From Williams College
Williams College solar expedition
Williams College expedition to study solar eclipse in Africa
WILLIAMSTOWN, Mass., June 6, 2001óJay Pasachoff, Field Memorial Professor of Astronomy and Director of the Hopkins Observatory at Williams College, is leading an expedition of students, faculty, and staff to Lusaka, Zambia, to study the first total solar eclipse of the millennium.
Pasachoff, chair of the Working Group on Eclipses of the International Astronomical Union (IAU), will be observing his 32nd eclipse. He also chairs the Subcommittee on Public Education at the Time of Eclipses of the IAUís Commission on Education and Development. He wrote the "Peterson Field Guide to the Stars and Planets" in addition to astronomy texts. He is co-author, with Leon Golub, of the trade book "The Surprising Science of Our Sun," recently published by Harvard University Press.
On June 21 a band of total darkness will travel across southern Africa and Madagascar. The Williams group will conduct three experiments from its temporary station in the Zambian capital. Two of them seek insight into how the sunís corona, the outermost layer of its atmosphere, can attain four million degrees Fahrenheit (about two million Celsius) when its surface is only 11,000 degrees Fahrenheit (about 6,000 Celsius).
The third is conducted in collaboration with scientists at NASAís Goddard Space Flight Center, the U.S. Naval Research Laboratory, and the Harvard-Smithsonian Center for Astrophysics. The Williams group will take images of the solar corona during the eclipse for comparison with images captured by the Extreme-ultraviolet Imaging Telescope and the Large Angle Spectroscopic Coronagraph (LASCO) aboard the Solar and Heliospheric Observatory (SOHO) in space. They will also measure the polarization of the outer corona for comparison with measurements from the LASCO and Ultraviolet Coronagraph Spectrometer aboard SOHO. All of this must take place during slightly more than three minutes of totality.
"Total solar eclipses are extremely exciting, both scientifically and aesthetically," Pasachoff said. "Since the moon perfectly blocks the sun but leaves the corona in view, we get a rare chance to explore activity that affects so many aspects of life on earth. And being present for those precious minutes of totality is breathtaking-- the most awesome event in the natural world. No matter how many I see, I never tire of the experience."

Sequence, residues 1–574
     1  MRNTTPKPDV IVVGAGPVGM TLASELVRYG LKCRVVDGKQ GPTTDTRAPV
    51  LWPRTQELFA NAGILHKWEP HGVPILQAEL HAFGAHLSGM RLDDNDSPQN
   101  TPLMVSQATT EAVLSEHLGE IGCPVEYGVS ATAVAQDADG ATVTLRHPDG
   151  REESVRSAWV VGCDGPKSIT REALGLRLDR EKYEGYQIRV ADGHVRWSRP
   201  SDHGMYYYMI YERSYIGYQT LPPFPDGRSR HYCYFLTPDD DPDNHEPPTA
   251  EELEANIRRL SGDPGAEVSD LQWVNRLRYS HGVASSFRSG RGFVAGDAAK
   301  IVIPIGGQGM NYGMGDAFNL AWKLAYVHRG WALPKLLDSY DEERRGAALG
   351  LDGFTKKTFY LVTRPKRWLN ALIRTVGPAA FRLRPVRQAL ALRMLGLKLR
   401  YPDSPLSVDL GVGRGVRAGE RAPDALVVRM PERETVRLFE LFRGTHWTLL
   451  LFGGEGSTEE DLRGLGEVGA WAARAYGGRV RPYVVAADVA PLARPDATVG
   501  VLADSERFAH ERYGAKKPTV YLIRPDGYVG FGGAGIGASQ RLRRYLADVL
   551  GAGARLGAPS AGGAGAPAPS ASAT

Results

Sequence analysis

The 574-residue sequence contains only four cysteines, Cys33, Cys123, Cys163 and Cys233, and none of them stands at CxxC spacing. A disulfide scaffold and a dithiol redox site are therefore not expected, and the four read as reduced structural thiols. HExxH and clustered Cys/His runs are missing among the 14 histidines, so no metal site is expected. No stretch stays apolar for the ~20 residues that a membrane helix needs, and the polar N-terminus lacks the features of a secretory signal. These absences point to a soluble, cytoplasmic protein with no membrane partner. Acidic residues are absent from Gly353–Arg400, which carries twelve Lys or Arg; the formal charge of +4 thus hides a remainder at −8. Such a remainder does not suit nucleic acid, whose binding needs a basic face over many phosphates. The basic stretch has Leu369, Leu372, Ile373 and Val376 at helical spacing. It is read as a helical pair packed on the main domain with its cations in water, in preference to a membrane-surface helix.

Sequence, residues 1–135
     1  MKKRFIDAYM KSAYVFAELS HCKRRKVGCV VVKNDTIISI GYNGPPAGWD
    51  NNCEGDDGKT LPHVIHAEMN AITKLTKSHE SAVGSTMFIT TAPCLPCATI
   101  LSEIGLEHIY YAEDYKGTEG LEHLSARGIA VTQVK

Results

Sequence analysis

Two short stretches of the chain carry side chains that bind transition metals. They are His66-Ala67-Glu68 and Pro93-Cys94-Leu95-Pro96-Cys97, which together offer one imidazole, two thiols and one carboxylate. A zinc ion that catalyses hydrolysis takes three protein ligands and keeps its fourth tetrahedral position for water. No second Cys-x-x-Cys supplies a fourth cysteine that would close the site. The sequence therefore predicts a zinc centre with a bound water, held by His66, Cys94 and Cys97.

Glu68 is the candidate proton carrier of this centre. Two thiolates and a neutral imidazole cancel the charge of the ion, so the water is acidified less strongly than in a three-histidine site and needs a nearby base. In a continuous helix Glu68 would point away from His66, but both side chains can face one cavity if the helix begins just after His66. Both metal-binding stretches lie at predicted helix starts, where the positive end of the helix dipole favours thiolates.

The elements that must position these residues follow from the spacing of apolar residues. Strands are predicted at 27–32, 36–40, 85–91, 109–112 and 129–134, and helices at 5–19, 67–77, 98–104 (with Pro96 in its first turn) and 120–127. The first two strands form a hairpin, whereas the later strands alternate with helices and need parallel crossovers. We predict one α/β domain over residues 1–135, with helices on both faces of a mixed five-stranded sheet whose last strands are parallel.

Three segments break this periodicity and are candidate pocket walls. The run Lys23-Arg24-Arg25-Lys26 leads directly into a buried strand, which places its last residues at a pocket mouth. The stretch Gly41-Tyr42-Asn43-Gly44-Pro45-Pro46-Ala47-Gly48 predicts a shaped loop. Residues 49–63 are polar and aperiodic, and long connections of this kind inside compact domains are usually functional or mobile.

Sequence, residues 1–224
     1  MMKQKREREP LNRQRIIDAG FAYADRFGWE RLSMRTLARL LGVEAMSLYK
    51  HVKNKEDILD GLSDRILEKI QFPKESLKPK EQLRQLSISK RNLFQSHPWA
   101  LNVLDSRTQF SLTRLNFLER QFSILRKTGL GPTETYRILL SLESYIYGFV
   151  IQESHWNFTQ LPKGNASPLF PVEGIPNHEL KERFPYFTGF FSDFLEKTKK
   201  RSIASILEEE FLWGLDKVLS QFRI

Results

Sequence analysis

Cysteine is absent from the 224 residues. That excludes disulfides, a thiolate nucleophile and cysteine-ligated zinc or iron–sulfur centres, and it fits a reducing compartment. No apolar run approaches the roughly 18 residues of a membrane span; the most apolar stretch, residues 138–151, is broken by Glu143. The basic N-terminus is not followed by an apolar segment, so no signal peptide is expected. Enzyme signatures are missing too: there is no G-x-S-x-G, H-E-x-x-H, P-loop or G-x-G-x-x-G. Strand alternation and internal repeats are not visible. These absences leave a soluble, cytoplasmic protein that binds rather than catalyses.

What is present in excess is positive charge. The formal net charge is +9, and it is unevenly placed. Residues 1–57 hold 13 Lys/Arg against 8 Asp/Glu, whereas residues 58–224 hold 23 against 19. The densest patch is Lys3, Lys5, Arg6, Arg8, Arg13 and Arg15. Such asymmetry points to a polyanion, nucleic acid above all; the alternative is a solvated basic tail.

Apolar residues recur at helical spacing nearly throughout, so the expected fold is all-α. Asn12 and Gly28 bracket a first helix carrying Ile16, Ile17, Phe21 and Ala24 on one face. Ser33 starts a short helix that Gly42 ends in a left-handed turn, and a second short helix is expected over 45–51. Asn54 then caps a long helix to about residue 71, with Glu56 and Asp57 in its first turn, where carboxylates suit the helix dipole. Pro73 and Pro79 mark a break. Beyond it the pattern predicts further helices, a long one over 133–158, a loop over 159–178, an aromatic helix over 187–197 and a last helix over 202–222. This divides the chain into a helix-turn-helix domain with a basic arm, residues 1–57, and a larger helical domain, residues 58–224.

Williams has a rich history of scientific expeditions, including the first ever sent by an American college, in 1835 to Nova Scotia. This monthís expedition includes nine current or recently graduated Williams students and one student from Swarthmore College (on an exchange program with Williams).
Other faculty and staff from Williams are Bryce A. Babcock, coordinator of science facilities; Stephan E. Martin, supervisor of the Hopkins Observatory; Catharine B. Hill, provost, professor of economics, and an expert on Zambia; and James G. Kolesar, director of public affairs. Taking part as medical officer is Williamstown physician Paul E. Rosenthal. They will be assisted by Phyllis Babcock, Emily Babcock of Drury H.S., and John Kildahl of Mt. Greylock Regional H.S.
Joining them in Lusaka will be other U.S. scientists and scientists from Great Britain, India, Malaysia, Slovakia, and Venezuela.
The expedition is supported by the National Science Foundation, the National Geographic Society, the Keck Northeast Astronomy Consortium, the Massachusetts Space Grant Consortium, the Science Laboratories at Williams College, and the Safford Fund, Brandi Fund, and Rob Spring Fund at Williams.
The expedition, which leaves Williamstown June 10, can be reached at firstname.lastname@example.org
Cell phone in Zambia during June 12-24 and 26-27: 260-1-438-327 (where 260 is Zambia and 1 is Lusaka); from the United States dial: 011-260-1-438-327. Zambia will be 6 hours ahead of Eastern Daylight Savings Time.
General eclipse web information: http://www.williams.edu/astronomy/IAU_eclipses which is the same as http://www.totalsolareclipse.netand, for specific Williams College expedition information: http://www.williams.edu/astronomy/eclipse01.
The student participants are Daniel B. Seaton (Williams '01), Gabriel B. Brammer (Williams '02), Shoshana C. Clark (Williams '02), Bethany E. Cobb (Williams '02), D. Michael Gioiello (Williams '02), Kathleen S. Gibbons (Williams '03), Christopher D. Holmes (Williams '03), Kristen L. Shapiro (Williams '03), Misa Cowee (Williams '01), and Roban Kramer (Swarthmore '02, at Williams as a Keck Northeast Astronomy Consortium Summer Fellow).